2. Misclassification as Independent Contractors: A further strategy employed by certain businesses is to falsely identify workers as independent contractors to evade labour regulations and withhold appropriate remuneration. Employers might avoid fulfilling obligations to their workforce by doing this, including paying overtime, taking time off, and offering other benefits that are required. For example, a delivery driver who is employed as an independent contractor could have to put in lengthy hours without receiving overtime compensation or benefits.
  3. Unauthorized Deductions: Employers sometimes unlawfully deduct wages from employees’ paychecks, often without valid justification. These deductions might include charges for uniforms, equipment, or other business expenses that should be covered by the employer. For example, a restaurant may deduct the cost of uniforms from servers’ wages, even though such deductions are prohibited under labour laws.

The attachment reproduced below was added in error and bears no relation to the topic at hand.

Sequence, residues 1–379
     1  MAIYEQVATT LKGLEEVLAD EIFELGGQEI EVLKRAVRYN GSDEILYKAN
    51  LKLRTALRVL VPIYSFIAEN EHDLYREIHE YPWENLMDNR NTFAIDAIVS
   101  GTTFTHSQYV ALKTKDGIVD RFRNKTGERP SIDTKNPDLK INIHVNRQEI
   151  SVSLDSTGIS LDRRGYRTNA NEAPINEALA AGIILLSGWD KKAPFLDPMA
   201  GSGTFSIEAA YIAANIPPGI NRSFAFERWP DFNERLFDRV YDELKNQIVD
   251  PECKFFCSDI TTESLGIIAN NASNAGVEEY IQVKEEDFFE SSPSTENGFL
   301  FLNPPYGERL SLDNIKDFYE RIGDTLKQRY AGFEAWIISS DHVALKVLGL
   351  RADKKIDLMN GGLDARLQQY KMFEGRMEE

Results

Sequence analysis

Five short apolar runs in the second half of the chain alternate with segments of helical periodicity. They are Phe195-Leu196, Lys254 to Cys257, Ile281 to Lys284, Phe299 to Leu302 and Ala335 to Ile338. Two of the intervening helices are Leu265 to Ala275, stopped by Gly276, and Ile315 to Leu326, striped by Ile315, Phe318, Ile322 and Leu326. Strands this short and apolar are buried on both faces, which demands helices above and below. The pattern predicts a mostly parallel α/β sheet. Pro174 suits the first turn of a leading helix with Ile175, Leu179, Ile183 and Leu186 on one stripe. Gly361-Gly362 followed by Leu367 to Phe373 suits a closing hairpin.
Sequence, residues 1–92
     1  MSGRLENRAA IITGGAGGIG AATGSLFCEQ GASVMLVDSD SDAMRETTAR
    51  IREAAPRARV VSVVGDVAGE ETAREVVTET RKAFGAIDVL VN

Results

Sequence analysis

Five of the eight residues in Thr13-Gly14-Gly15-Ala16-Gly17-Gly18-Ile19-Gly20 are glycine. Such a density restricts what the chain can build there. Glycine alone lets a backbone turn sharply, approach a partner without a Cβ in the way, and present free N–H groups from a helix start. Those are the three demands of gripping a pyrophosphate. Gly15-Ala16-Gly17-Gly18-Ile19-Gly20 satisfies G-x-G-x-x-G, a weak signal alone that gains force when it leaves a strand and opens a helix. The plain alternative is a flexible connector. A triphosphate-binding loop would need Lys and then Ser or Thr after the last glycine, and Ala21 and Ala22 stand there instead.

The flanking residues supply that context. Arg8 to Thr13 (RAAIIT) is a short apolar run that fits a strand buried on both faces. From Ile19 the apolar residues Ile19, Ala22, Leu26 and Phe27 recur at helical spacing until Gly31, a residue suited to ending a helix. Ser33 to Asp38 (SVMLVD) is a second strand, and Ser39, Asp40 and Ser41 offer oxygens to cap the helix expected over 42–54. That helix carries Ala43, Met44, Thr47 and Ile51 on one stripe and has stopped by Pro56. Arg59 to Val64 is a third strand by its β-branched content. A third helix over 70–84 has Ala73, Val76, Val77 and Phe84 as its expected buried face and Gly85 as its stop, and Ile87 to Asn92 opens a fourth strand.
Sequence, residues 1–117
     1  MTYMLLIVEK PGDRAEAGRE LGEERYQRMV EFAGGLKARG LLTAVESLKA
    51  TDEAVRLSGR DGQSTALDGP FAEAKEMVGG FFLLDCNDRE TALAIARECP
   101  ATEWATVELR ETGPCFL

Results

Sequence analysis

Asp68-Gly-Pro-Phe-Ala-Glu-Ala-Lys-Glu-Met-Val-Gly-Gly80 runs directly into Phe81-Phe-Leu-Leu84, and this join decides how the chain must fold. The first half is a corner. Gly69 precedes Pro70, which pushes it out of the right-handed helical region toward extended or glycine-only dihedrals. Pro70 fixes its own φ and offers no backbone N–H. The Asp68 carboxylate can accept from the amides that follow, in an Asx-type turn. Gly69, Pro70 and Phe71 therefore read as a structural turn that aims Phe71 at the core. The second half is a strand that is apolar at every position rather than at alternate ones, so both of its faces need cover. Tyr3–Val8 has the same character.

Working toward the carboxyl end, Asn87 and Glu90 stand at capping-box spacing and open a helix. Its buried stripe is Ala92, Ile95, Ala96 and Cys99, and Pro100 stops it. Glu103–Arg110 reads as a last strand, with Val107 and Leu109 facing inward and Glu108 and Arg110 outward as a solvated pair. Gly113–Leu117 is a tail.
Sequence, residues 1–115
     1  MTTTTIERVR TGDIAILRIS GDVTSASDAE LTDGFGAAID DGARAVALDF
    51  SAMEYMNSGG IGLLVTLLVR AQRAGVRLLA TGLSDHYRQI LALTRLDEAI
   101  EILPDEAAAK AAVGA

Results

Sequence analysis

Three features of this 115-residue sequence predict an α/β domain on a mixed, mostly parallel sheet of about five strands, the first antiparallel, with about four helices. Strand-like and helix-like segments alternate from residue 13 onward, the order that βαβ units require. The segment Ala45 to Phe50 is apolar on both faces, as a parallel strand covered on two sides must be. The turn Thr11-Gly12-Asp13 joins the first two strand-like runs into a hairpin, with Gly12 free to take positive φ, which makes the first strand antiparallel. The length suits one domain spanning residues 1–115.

4. Non-Payment of Statutory Entitlements: Certain statutory entitlements, such as vacation pay, public holiday pay, and termination pay, are legally mandated in Canada. However, some unscrupulous employers may fail to fulfil these obligations, leaving employees financially disadvantaged. For instance, an employer might refuse to pay an employee for statutory holidays worked or neglect to provide accrued vacation pay upon termination.

To sum up, understanding the nuances of Canada’s wage and hour legislation is crucial for ensuring fair and equal working practices for both businesses and employees. This thorough blog clarifies key areas of Canadian labour standards, from comprehending minimum wage laws to claiming rights to overtime compensation and refusal. 

Furthermore, establishing inclusive work environments requires acknowledging and resolving problems like wage theft and workplace discrimination. People support the values of justice and fairness in the Canadian workforce by remaining educated and standing out for their rights.